Friday, August 24, 2007

Am I willing to reclaim time to think?

This is a question Margaret Wheatley poses in her book Turning to One Another: Simple Conversations to Restore Hope for the Future. The following is an excerpt following this question.

“Thinking is not inaction. When people can think and notice what’s going on, we develop ideas that we hope will improve our lives. As soon as we discover something that might work, we act. When the ideas mean something to us, the distance between thinking and acting dissolves. People don’t hesitate to get started. They don’t sit around figuring out the risks or waiting until someone else develops an implementation strategy. They just start doing. If the action doesn’t work, they try something different.

This might sound strange to you, because many of us deal with governments and organizations that can’t implement anything. It’s true for all bureaucracies - there’s a huge gap between ideas and actions. But this is because people don’t care about the ideas. They didn’t invent them, they know they won’t really change anything, and they won’t take risks for something they don’t believe in. But when it’s our idea, and it might truly benefit our lives, then we act immediately on any promising notion.”

What do you think?

Friday, August 10, 2007

Teaching and Trust

Reflections on the Teacher Archetype in The Four-Fold Way: Walking the Paths of the Warrior, Teacher, Healer and Visionary by Angeles Arrien, Ph.D.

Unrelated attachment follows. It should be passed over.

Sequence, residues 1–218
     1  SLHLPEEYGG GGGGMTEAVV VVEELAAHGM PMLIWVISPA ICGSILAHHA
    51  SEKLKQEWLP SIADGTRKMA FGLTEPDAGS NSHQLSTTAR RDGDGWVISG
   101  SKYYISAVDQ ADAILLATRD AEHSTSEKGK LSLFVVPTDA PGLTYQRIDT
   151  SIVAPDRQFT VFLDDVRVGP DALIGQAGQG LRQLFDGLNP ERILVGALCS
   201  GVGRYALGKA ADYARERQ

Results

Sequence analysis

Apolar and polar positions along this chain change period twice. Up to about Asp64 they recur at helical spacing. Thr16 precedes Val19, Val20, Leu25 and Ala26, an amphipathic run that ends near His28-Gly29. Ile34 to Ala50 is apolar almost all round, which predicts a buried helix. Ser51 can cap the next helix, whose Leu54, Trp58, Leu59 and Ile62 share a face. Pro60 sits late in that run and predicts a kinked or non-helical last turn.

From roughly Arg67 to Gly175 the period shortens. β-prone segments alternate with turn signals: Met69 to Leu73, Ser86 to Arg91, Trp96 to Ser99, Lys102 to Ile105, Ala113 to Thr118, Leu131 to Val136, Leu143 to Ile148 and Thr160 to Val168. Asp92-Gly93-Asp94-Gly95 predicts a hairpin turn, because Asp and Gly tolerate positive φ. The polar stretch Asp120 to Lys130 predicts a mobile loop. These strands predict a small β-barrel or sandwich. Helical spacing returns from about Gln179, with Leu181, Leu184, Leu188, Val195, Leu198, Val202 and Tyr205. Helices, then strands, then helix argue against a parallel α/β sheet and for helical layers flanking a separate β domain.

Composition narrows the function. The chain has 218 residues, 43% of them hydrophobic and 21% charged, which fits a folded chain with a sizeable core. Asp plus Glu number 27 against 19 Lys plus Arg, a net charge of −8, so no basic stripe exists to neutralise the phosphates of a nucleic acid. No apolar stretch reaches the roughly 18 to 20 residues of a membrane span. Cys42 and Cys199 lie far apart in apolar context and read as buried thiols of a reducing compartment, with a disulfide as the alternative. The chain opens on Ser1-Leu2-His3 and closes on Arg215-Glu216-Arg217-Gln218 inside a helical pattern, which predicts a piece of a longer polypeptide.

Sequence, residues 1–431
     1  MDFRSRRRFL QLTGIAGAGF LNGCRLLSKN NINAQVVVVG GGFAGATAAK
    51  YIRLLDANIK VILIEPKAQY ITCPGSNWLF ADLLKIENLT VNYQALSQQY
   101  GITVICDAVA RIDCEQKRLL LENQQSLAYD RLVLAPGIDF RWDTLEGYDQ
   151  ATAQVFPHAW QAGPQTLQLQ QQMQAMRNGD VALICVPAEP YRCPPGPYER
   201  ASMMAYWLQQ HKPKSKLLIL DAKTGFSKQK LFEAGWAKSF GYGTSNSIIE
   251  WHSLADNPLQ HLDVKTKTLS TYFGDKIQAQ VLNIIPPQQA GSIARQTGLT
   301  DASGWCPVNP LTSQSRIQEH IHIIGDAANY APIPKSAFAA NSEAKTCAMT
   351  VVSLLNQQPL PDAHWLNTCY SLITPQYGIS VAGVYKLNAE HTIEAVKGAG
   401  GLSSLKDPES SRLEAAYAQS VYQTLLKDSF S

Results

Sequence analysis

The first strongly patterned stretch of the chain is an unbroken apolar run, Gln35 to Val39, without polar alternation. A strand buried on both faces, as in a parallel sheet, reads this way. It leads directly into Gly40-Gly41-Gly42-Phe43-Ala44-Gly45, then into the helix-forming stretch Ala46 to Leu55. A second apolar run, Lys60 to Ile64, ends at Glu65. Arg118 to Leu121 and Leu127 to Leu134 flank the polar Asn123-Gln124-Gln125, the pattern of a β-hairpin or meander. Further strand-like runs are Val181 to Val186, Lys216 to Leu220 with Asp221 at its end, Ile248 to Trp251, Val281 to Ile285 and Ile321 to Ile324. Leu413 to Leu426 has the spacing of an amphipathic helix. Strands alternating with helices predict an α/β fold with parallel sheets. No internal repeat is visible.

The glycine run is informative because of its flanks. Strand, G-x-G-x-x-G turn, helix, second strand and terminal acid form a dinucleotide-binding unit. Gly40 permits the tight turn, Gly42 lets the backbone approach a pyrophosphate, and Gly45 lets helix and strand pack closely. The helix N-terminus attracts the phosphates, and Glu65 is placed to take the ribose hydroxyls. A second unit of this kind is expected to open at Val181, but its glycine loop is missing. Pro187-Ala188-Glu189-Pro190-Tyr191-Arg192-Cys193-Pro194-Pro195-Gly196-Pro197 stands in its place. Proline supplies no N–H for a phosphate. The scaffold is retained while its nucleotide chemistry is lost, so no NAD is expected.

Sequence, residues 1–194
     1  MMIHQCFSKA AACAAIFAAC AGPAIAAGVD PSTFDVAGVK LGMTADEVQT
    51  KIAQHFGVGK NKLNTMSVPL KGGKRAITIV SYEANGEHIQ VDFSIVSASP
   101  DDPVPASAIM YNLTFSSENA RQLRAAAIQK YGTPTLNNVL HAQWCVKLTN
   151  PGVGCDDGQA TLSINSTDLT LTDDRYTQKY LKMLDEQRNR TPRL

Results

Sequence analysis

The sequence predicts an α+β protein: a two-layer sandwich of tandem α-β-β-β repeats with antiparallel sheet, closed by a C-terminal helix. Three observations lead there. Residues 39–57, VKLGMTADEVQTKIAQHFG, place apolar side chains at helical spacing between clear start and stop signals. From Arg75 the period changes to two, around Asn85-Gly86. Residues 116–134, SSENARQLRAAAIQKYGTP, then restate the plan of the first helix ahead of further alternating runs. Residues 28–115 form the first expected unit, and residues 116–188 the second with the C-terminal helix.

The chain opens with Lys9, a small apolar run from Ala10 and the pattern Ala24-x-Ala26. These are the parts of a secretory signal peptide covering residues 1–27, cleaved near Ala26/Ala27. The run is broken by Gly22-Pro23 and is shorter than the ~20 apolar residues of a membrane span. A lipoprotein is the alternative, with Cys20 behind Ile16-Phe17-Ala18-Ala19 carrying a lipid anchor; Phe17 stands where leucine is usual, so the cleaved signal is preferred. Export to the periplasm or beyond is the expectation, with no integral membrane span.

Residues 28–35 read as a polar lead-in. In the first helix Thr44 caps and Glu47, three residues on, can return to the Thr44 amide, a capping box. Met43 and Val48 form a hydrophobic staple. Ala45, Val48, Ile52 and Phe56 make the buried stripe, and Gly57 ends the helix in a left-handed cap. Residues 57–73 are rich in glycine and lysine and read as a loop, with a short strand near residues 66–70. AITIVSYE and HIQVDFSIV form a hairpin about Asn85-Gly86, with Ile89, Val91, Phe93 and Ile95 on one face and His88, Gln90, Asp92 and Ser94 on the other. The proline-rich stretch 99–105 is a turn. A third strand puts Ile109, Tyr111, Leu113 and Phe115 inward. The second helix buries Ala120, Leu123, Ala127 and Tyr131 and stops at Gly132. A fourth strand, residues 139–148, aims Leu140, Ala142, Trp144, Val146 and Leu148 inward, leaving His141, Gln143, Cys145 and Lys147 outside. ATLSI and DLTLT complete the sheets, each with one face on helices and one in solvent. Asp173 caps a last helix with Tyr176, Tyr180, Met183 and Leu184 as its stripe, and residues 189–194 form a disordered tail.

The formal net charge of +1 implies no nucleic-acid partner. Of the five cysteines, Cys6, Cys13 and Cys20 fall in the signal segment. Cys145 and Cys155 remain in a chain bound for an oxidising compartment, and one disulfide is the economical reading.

The definition of health for many shamanic traditions is the equal expression of these archetypes in each person. In this book, Dr. Arrien describes how to develop these four archetypes within ourselves.

“The Teacher has wisdom, teaches trust, and understands the need for detachment.” Trust is an essential ingredient for learning. Learning how to be comfortable with uncertainty is necessary to learn and practice trust. And it can’t be learned from someone who does not practice it. The do what I say and not what I do approach does not work for teaching or learning trust. There are people who think learning results from telling someone something. Maybe in the short term that works, but for someone to learn to be self directed, they need to learn much more than how to listen to others give direction or answers. Control is often seen as something that a leader, teacher, or manager gives up or needs to give up. In reality, it is often only the illusion of control that needs to be given up. Very rarely (if ever) does someone really have control over a situation, person, or group.

Dr. Arrien states that the opposite of trust is “trying to control the uncontrollable – clearly an impossible task” And yet, this is what we are often under the delusion that we are able to and in fact are doing. Suppression is not the same thing as control. Saying that someone has control over things or others is often not the reality, but the result of people giving up. Becoming resigned to things the way they are is often a result of suppression. Letting go of resignation, now that is something that requires trust.

A few of the suggestions she has for developing the inner teacher:

• Practice sitting meditation,
• Consciously make each day a focus for practicing wisdom, ask yourself how objective can I remain?
• Explore - who have been significant teachers in your life? Who were sources of inspiration? Who have you been a teacher for?

What do you think?

Thursday, August 2, 2007

Guest Post - Generative Strategic Planning

Click on the title to download a pdf of this article.